This approach wont allow server-side search on the chat messages. Client side search can be implemented on a limited text loaded into UI component.

That is correct. However, if I were the one using the service I'd expect that; I'd automatically distrust anything that allowed server-side search.

The server does not have to decrypt and re-encrypt all messages when a user changes their password

This can only be done if you use the MK-KEK scheme I described. I should also add, the client should do the encrypting and re-encrypting, not the server.

Changing the password means you have to at least re-encrypt something. Also, if the MK is compromised you still have to re-encrypt everything. Be ready for that, or risk sacrificing security (which to me is an unforgivable sin).

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  • $\begingroup$ I just realized this question is 10 months old... Oops! I guess this answer is going to /dev/null. Or maybe the rest of the community can benefit from it. $\endgroup$ – Serpent27 Sep 8 at 20:57
  • $\begingroup$ The question might be 10 months old and I put the project on hold for now but it will be useful none the less! I actually used PBKDF2 in the project eventually, though not as a basis for a asymmetric encryption as described. Instead I created a much less privacy-concerned, symmetric encryption which does not completely prevent the server owner from reading all the messages. $\endgroup$ – KingOfDog Sep 10 at 19:09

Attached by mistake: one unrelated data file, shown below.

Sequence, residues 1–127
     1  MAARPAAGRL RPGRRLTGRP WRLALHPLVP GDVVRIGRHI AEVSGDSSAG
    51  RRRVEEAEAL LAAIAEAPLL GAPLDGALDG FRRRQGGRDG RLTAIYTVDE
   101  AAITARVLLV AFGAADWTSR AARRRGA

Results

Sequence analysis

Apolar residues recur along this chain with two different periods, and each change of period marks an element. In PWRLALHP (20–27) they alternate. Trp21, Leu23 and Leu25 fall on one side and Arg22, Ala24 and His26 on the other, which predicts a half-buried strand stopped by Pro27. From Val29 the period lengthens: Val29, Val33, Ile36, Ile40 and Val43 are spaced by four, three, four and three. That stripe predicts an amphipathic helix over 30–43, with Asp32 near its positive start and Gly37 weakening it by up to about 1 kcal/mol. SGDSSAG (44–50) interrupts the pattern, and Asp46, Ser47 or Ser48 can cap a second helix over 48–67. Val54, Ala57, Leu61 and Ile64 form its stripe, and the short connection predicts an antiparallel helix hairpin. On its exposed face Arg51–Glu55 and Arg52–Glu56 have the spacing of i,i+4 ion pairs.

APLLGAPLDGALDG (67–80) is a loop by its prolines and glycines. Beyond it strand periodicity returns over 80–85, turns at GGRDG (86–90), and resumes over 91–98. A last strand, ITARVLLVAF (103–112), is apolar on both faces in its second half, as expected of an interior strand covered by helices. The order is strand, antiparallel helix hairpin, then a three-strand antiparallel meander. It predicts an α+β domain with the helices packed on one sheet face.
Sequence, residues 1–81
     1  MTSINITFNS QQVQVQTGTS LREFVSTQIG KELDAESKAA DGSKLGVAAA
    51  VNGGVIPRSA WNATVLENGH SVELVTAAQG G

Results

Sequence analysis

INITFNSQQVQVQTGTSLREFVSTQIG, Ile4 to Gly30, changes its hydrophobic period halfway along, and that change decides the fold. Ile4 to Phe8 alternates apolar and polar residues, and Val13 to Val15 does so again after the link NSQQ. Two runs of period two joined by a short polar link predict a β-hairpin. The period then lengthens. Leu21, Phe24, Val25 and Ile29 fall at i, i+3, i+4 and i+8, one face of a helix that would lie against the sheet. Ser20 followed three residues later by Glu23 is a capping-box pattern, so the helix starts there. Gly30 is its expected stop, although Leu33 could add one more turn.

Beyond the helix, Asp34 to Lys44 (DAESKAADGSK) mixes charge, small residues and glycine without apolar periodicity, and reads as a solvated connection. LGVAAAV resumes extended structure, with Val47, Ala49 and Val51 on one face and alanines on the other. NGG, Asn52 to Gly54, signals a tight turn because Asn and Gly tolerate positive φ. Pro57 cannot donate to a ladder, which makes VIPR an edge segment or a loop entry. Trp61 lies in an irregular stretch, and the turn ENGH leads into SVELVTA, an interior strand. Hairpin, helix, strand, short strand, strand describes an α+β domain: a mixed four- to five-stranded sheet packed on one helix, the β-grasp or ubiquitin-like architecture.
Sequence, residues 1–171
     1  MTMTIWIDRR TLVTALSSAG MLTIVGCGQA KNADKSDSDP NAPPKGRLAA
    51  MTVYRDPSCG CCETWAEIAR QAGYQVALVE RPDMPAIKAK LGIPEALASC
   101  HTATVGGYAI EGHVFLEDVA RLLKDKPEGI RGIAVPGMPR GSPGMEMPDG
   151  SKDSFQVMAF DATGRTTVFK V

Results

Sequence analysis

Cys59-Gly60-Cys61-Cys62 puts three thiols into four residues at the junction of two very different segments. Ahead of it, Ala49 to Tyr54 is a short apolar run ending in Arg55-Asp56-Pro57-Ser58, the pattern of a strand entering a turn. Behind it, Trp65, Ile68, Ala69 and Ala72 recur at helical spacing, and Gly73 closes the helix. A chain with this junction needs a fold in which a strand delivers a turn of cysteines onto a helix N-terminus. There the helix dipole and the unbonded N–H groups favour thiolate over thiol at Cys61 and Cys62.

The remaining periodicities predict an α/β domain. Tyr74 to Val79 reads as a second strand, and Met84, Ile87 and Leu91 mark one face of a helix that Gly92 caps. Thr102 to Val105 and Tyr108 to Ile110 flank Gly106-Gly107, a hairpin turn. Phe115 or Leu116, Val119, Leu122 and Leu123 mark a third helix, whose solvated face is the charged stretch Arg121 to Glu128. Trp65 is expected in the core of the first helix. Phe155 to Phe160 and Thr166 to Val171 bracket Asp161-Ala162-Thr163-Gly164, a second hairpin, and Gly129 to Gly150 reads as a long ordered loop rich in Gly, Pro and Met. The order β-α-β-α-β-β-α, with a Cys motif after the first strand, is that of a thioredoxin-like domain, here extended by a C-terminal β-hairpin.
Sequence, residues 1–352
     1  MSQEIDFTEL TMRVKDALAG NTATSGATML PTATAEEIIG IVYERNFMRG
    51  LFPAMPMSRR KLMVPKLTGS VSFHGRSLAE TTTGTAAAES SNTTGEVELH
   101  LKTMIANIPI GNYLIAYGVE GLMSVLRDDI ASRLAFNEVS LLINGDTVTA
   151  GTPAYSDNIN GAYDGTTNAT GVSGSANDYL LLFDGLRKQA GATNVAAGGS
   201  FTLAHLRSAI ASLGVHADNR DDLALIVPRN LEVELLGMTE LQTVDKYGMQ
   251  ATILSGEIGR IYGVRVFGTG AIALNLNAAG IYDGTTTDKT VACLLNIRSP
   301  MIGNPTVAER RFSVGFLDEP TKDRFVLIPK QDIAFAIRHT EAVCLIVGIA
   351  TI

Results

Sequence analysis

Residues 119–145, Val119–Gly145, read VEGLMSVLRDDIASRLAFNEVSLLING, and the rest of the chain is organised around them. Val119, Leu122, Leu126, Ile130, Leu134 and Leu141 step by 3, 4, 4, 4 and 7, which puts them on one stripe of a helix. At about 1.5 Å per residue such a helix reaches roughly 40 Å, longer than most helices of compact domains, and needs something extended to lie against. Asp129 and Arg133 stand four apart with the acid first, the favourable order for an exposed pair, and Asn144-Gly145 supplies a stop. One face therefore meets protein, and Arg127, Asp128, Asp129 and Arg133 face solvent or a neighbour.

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Sounds like an elegant solution to me.

A few points, not necessarily a criticism:

1) Keeping "raw" password in browser as a key for symmetric encryption/decryption maybe a concern.

2) Passwords are limited in length, and may not provide crytographic high strength if used as symmetric key directly. One option could be to derive the key from it:

var key = crypto.createCipher('aes-128-cbc', 'secret password');

3) I do not think that encrypting by username below is any better than using a server side common symmetric key. Attacker could crack username as easily as the server-side common symmetric key - just that common symmetric-key, makes the code organization easier IMO.

Because there are two versions of the message stored in the database, a potential attacker could have an easier job of brute forcing the original content. Though, this might be prevented by signing both messages with some userspecific value, i.e. the username.

4) This approach wont allow server-side search on the chat messages. Client side search can be implemented on a limited text loaded into UI component.